Japanese supermarkets are full of goods unique to Japan and special seasonal goods. If you want to experience Japanese food culture, it is worth a visit while you are in Japan. This article will introduce tips to get you the best deals when shopping in a Japanese supermarket.
The Advantages of Using Japanese Supermarkets
By shopping at the supermarkets used by Japanese people daily, you can buy food at everyday prices much lower than those found at sightseeing spots and in convenience stores. There is a wide selection of goods on display, from food products—including fresh produce, confectionery, cup noodles, and condiments—to household goods and toiletries. It is a great place to buy snacks as souvenirs. There is also a great selection of ready-to-eat foods, including bento boxes, deli side dishes, and sushi, that offer a quick and easy way to enjoy Japanese food.
Check Out the Private Brands!
‘Private brand’ (PB), is the term for a large chain supermarket’s own brand of goods. By working with the manufacturer, the supermarket cuts costs on production and advertising, allowing them to sell products of almost identical quality to branded goods at a cheaper price. In short, PB’s offer good quality products at low prices. Some popular examples are Aeon group’s TOPVALU range and Seven & I Holdings’ Seven Premium range. The MUJI (Mujirushi Ryohin) brand, now popular worldwide, actually started life as the PB goods range of chain supermarket Seiyu. PB brands offer a wide variety of goods from confectionery and baked goods to household items and even pet food.
Special Discount Stickers! From What Time Can You Find Them?
As closing time approaches, you will find stickers on goods showing discounts such as 10% off, 100 JPY off, or half price. It depends on the supermarket’s location and opening times, but generally, discounting begins between 1 to 3 hours before the store closes. The store will discount goods they want to sell-off by the end of the day such as ready-made side dishes, bento boxes, sashimi, sushi, and fresh produce. Be careful though, many goods are being sold on their best before date, so be sure to consume them while they are still in date. As meat, fish, and vegetables may be past their best, please use them as quickly as possible. Another good time is right after opening. You will find many discount stickers on goods that have reached their best before date. Some supermarkets have a ‘bargain corner’ which displays all of their discounted goods, so look out for this too.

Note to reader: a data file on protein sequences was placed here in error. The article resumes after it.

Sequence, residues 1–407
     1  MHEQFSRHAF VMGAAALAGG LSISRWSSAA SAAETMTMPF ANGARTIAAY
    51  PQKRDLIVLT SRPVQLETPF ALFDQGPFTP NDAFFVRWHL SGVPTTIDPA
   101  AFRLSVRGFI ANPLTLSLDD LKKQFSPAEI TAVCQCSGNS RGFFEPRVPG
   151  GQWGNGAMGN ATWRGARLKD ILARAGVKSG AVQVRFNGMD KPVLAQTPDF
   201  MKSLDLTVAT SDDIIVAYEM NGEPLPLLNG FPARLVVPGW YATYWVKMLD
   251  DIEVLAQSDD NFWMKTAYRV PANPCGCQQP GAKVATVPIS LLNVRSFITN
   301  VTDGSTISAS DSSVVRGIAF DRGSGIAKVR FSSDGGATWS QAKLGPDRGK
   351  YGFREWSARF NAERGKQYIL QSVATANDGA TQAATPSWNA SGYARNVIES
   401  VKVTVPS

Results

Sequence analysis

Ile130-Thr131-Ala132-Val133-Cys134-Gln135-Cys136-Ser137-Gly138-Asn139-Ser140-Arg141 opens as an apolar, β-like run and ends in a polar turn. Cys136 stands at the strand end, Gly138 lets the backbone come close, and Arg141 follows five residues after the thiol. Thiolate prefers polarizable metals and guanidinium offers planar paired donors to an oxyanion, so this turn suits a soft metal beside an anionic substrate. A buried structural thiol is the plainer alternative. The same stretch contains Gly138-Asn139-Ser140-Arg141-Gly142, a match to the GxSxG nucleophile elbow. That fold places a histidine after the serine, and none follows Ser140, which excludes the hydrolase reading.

What to Look Out for When Visiting the Supermarket
Where to Find Bargain Goods
Enter the supermarket and you'll soon spot today’s offers on display in the most prominent location by the entrance. Also, many of the same products will often be stacked up together, so you can’t miss them! Stocking up on large quantities of these goods allows the store to sell them at a lower individual price. In each section of the store, goods linked to the display near the entrance are piled high. Stores also use eye-catching, colorful signs designed to attract your attention. Look out for flyers too! If there are color photos on the flyers, you will be able to recognize the bargains even if you can’t read Japanese!
Try Out Foods from the ‘Sample Corner’!
There will be a section of the shop where you can try samples of new foods. Sometimes you might get lucky. For example, if they have steak on offer, you may get a freshly cooked sample. Some supermarkets have a cooking spot that makes food using seasonal ingredients, or to demonstrate new ideas or seasonal dishes. You can get samples here too, so don’t be shy or you’ll miss out! There is no obligation to buy the food you try, but be careful, it would be rude to eat a lot of a sample just because you liked it!
Services and Offers for Tourists Visiting Japan
Some supermarkets offer services such as duty-free goods or vouchers exclusively for people visiting Japan. For information on web vouchers and offers specifically aimed at foreign visitors, don’t forget to check company websites.
A trip to your chosen supermarket is like a sightseeing tour of Japanese life where you can see fruit, vegetables, sweets, and ready-made foods you won’t get at home. As there are many products that would make good souvenirs, it is worth a look if you’re passing one by.
*Please note that the information in this article is from the time of writing or publication and may differ from the latest information.
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